Voters in Calderdale will join the country in going to the polls for the local elections 2019.
As few as two seats changing hands could lead to the balance of power moving on Calderdale Council as the borough goes to the polls today
Calderdale is a hung council, as it has been for most of its 45-year history, but that can mean just a few seats changing hands can have a big effect.
It is possible it may happen this year if Labour, the ruling group on the council but without an overall majority, could gain a net two seats.
READ MORE: Full rundown of Calderdale candidates standing in the local elections 2019
The council has 51 councillors and the make-up as of April 2019 is: Labour 24, Conservatives 20, Liberal Democrats six and Independents one.
This Labour are only defending six seats to the Conservatives ten – which means it is also possible for the Conservatives to reach the magic number of 26 for a majority too, but do do so they would have to pull off almost a clean sweep.
There is another totally unknown factor in this year’s elections – whether Brexit will have an effect and how that might split, or whether purely local concerns will be uppermost in voters’ minds.
Candidates from the National Front and For Britain Movement groups will be standing in the Calderdale Council elections.
All three leaders of Calderdale’s biggest political groups will also be standing for re-election in this year’s campaign.
Leader of the Council and Labour Group Leader Coun Tim Swift will be defending his Town ward seat, Conservative Group Leader Coun Scott Benton looks to retain Brighouse ward and Coun James Baker, Liberal Democrat Group Leader, is defending Warley ward.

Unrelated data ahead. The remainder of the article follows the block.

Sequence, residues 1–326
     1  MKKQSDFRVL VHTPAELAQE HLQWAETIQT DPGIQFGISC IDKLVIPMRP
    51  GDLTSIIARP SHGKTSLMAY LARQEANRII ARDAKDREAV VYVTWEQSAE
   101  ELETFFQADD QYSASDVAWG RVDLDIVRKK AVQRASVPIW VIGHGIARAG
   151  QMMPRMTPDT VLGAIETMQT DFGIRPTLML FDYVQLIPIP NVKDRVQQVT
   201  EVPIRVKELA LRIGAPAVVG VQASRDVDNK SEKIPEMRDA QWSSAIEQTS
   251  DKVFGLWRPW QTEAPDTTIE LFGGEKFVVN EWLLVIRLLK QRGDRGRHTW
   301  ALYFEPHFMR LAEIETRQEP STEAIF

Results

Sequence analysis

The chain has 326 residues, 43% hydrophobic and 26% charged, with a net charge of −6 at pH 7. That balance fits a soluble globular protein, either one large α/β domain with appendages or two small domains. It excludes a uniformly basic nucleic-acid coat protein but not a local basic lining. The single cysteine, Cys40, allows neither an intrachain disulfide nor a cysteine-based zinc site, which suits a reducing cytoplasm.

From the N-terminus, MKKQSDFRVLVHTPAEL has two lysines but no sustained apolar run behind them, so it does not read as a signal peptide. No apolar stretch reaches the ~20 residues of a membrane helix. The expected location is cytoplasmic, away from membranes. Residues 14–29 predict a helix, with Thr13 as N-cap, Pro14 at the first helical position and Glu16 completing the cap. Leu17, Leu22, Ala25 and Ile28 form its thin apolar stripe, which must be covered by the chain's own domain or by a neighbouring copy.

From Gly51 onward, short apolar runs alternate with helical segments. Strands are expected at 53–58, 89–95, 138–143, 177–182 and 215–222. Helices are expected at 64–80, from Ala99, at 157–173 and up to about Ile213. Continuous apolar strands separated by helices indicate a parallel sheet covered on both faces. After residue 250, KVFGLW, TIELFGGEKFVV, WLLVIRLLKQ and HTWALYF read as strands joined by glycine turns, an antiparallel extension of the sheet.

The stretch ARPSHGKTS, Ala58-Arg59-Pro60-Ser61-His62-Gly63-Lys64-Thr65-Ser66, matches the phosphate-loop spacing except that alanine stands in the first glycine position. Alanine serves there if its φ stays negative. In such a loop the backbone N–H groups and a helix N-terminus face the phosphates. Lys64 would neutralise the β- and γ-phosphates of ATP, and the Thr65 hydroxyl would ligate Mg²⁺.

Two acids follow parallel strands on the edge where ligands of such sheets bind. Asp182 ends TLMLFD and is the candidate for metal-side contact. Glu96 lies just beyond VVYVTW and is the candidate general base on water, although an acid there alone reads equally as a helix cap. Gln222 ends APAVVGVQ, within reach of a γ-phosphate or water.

They are among 75 candidates who are standing for election when Calderdale goes to the polls on Thursday, May 2.
Across 17 wards, Labour, the Conservatives and the Green Party are standing candidates in each ward, and the Liberal Democrats are standing 16 candidates, one in each ward except Brighouse.
Four independents are standing, the Yorkshire Party fields two candidates and the National Front and For Britain Movement have one each.
Among serving councillors who have chosen not to defend their seats are this year’s Mayor of Calderdale, Coun Marcus Thompson, who has held Skircoat for the Conservatives.
Long-serving Labour Coun Barry Collins, who has been Deputy Leader of both the Council and the Labour Group, is standing down in Illingworth and Mixenden.
Conservative Coun Chris Pearson is stepping down in Greetland and Stainland and Labour’s Coun Carol Machell is leaving her Todmorden seat.